Bender: Usually I follow the language, just follow whatever paragraph or whatever sentences seem to be leading somewhere. But really, the majority of the time that’s not happening, and it’s me waiting for that, because it’s such a joy when it feels like there’s some sort of momentum or drive, because I can follow that drive and it will go somewhere, and I don’t really care where it will go. I guess I’ve sort of given up caring where it will go because it’s become clear over and over again that that’s how things work for me. So sometimes it will go in a magical direction and sometimes in a realist direction, and I think my job is to follow it. And I think it’s hard because we all want to impose something on a story at any given moment, but I think it would be just as much of a problem for me to say, “Uh-oh, this is a realistic story, so I’ve got to throw in a dragon for it to be a magical story,” or to cut out the magic to make it realist. So I think it comes back to prose that has life to it, and that it’s just a relief when that happens.
Interviewer: You have such sympathy and generosity towards your characters, even the cruelest of them. One of the things that struck me the most about “The End of the Line,” a story whose cruelty and violence actually made me uncomfortable, was the move at the very end—where the little little girl, if you will, has such sympathy and feeling and pity for the Big Man.
Bender: It was interesting writing that story, because the story was a little bit scary to me as I was writing it. I wrote little bits of it over a series of years, and I would think, what is wrong with me that I’m writing this story? Why such a sadistic story? What is it about?
There’s a Flannery O’Connor quote that I love—and I quote her a lot, because I think she’s one of the wisest in talking about writing—and she says: “Your beliefs will be the light by which you see, but they will not be what you see and they will not be a substitute for seeing.” I don’t think I understood that quote until I got to the end of the story and felt like it wasn’t just about this guy torturing this other guy, it was about what might motivate him to, and that my belief under that could be a desire to try to understand people, but you have to go to a kind of scary place in order to do that. I think it was comforting to me somehow, the idea that whatever you write in terms of content, whatever the content, it will be governed—unbeknownst to you, but it will be governed—by how you think about people.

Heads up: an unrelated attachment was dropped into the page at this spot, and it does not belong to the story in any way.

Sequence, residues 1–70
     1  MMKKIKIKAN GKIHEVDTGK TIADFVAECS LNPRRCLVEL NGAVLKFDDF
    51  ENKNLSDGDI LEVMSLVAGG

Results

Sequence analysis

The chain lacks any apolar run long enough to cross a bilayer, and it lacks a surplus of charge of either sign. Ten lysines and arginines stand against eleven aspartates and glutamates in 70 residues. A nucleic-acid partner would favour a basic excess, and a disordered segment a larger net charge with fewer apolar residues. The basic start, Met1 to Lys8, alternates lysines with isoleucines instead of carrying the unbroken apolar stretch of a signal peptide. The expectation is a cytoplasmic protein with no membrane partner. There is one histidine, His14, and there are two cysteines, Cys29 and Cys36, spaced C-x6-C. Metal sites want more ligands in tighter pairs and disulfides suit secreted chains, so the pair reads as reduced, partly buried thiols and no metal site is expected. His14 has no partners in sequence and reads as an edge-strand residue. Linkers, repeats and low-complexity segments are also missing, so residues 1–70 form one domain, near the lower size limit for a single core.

And I think a lot of different things about people. For example, there’s this woman who—and this is kind of random—but there was this YouTube thing that went around about this woman who threw a cat into a garbage can. It was really disturbing. She was walking down the street and there was this cat, and she petted it, and then she threw it in the garbage. It was really upsetting—I love cats—but it’s really interesting that she pets it. And then because the internet has a kind of mob mentality—it wasn’t like I liked the woman, seeing it—but the reaction against her was just so strong, and saying that she was so awful; I think she even got death threats and had to go into police custody. And that’s fascinating to me—she did something wrong that I don’t think is good, and people respond to that in a way that goes over the top in a whole different way. So I guess I’m just interested in why people do these things and how it shows up.